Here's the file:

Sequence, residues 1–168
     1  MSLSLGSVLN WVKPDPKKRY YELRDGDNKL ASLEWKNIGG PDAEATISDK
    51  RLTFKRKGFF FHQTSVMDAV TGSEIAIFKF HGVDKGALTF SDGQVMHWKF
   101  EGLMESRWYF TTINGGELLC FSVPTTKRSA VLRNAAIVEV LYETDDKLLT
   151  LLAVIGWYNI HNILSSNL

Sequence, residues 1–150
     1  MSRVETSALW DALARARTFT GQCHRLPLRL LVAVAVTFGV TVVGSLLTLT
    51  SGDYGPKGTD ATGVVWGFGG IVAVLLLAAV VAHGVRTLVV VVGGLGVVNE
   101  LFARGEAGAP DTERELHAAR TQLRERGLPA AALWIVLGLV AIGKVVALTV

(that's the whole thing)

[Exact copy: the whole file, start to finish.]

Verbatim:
Sequence, residues 1–168
     1  MSLSLGSVLN WVKPDPKKRY YELRDGDNKL ASLEWKNIGG PDAEATISDK
    51  RLTFKRKGFF FHQTSVMDAV TGSEIAIFKF HGVDKGALTF SDGQVMHWKF
   101  EGLMESRWYF TTINGGELLC FSVPTTKRSA VLRNAAIVEV LYETDDKLLT
   151  LLAVIGWYNI HNILSSNL

Sequence, residues 1–150
     1  MSRVETSALW DALARARTFT GQCHRLPLRL LVAVAVTFGV TVVGSLLTLT
    51  SGDYGPKGTD ATGVVWGFGG IVAVLLLAAV VAHGVRTLVV VVGGLGVVNE
   101  LFARGEAGAP DTERELHAAR TQLRERGLPA AALWIVLGLV AIGKVVALTV